Recognizing the Signs of Pelvic Organ Prolapse

Recognizing the Signs of Pelvic Organ Prolapse

Under normal circumstances, your pelvic floor ensures that the many organs housed inside your pelvis are in their proper places. If this floor weakens, organs can prolapse, or slip downward, which can lead to a number of different issues, depending upon which organ moves.

Called pelvic organ prolapse (POP), the condition is generally progressive, so the sooner we’re able to identify a potential problem, the better we can resolve the issue and prevent bigger ones from developing. 

This means that recognizing the signs of prolapse is important, which is why Dr. Denise Furlong and our team here at Chicago Center for Women’s Health outline some of the more common side effects of POP below.

Types of POP

Your pelvic region houses a number of different organs, including your reproductive organs, your lower digestive tract, and your urinary tract.

As a result, there are several different types of prolapse, including:

POP is very common and affects up to 50% of women, especially as they age, and of the types we list above, cystocele is the most common.

Common signs of POP

While different organs can prolapse, they all take one route through your vagina, which means there are some commonalities in the symptoms of the different types of POP. 

Many cases of POP are asymptomatic, and we only discover the problem upon examination. But as the organ continues to prolapse, the more likely you are to experience side effects, which may include:

In more advanced cases of POP, you may be able to see a portion of an organ protruding from your vagina.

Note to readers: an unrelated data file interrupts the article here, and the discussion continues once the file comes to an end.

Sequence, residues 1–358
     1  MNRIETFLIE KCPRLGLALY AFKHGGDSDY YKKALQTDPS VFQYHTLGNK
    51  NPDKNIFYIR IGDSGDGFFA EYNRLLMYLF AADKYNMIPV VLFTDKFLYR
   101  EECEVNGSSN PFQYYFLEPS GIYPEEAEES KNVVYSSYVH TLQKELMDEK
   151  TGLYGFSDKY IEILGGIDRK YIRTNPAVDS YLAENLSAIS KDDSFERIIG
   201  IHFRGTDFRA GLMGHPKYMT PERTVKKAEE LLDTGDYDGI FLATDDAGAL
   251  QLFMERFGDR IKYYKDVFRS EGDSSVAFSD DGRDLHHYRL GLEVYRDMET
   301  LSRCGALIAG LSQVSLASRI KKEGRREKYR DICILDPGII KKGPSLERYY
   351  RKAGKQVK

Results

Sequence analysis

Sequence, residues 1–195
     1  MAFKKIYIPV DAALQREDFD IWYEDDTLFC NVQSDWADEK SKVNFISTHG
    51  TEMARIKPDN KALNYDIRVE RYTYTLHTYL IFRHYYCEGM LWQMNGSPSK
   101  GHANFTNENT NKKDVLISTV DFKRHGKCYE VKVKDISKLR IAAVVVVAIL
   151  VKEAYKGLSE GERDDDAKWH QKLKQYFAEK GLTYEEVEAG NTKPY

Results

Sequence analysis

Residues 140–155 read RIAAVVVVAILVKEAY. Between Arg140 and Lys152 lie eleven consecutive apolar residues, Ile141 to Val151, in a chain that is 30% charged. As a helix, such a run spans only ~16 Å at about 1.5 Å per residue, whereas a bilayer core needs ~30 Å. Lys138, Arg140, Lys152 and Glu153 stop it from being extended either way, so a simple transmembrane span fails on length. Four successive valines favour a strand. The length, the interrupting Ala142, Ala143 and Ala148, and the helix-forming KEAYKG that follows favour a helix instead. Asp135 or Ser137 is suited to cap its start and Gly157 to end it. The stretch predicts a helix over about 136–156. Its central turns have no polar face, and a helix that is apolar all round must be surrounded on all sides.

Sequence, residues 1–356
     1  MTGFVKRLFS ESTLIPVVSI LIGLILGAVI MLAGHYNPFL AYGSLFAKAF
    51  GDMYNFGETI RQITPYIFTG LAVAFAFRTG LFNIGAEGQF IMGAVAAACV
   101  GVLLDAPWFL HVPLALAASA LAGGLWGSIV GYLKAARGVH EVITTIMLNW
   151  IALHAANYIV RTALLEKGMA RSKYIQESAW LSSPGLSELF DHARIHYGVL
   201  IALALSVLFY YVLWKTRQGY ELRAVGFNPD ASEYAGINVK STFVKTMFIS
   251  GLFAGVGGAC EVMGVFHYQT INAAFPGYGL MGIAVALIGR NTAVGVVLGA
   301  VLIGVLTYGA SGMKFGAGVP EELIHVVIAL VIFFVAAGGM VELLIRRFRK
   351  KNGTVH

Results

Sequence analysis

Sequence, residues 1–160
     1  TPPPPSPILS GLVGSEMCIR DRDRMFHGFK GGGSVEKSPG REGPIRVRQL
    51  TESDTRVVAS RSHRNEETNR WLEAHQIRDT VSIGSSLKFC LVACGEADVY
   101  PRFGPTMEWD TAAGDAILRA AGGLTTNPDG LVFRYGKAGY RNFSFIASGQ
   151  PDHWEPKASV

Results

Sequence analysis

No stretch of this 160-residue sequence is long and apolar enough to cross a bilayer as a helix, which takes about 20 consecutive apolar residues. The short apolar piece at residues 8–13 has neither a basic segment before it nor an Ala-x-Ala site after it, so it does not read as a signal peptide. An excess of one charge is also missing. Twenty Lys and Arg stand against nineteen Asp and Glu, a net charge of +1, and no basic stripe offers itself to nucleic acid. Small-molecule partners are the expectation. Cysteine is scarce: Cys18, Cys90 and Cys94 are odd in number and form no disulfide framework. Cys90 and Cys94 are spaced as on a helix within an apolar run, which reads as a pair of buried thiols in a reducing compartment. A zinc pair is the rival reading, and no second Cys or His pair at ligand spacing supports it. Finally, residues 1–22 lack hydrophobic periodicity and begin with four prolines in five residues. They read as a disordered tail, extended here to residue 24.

Treating POP

If we find that you have POP, the treatments we recommend depend upon the extent of the prolapse and your symptoms.

We prefer to start conservatively and recommend treatments that strengthen your pelvic floor, including Kegel exercises and biofeedback therapy.

If these approaches prove ineffective, we can insert a pessary, which provides support for your prolapsed organ.

Should your POP be more advanced and conservative treatments aren’t working, we might recommend surgery to reposition the affected pelvic organ. In these cases, we use mesh to keep the organ in place.

As you can see, identifying the early signs of POP allows us to take conservative steps to prevent further prolapse. So if you’re struggling with any of the symptoms we describe above, we urge you to come see us as soon as possible. 

To get started, contact one of our Chicago area locations in Oak Lawn, Bedford Park, or Naperville, Illinois, to schedule an appointment.

You Might Also Enjoy...

How Your Pelvic Floor Changes After Pregnancy

When you’re pregnant, your body goes through an incredible amount of change in just nine months. In most cases, everything returns to normal within a few months, but you should pay close attention to your pelvic floor.

Tips for Life After Menopause

Each year in the United States, about 1.3 million women reach menopause, which can lead to some fairly significant changes in their overall health and wellness. Here are some tips for managing the post-menopausal world.

Reasons Why You Keep Getting UTIs

While usually not medically serious, urinary tract infections can make life downright uncomfortable and difficult, especially if they happen frequently. Here’s a look at some factors that place you at risk.

Which Type of Urinary Incontinence Do I Have?

One in four women in the United States experiences urinary incontinence. Finding out which type you have is the first step toward overcoming the problem. Here, we review the most common among women.

How Menopause Affects Your Mental and Emotional Health

Menopause is often refered to as “The Change,” which is a simple concept for a very complex process that casts a wide net over your physical, mental, and emotional health. Here, we take a closer look at some of these impacts.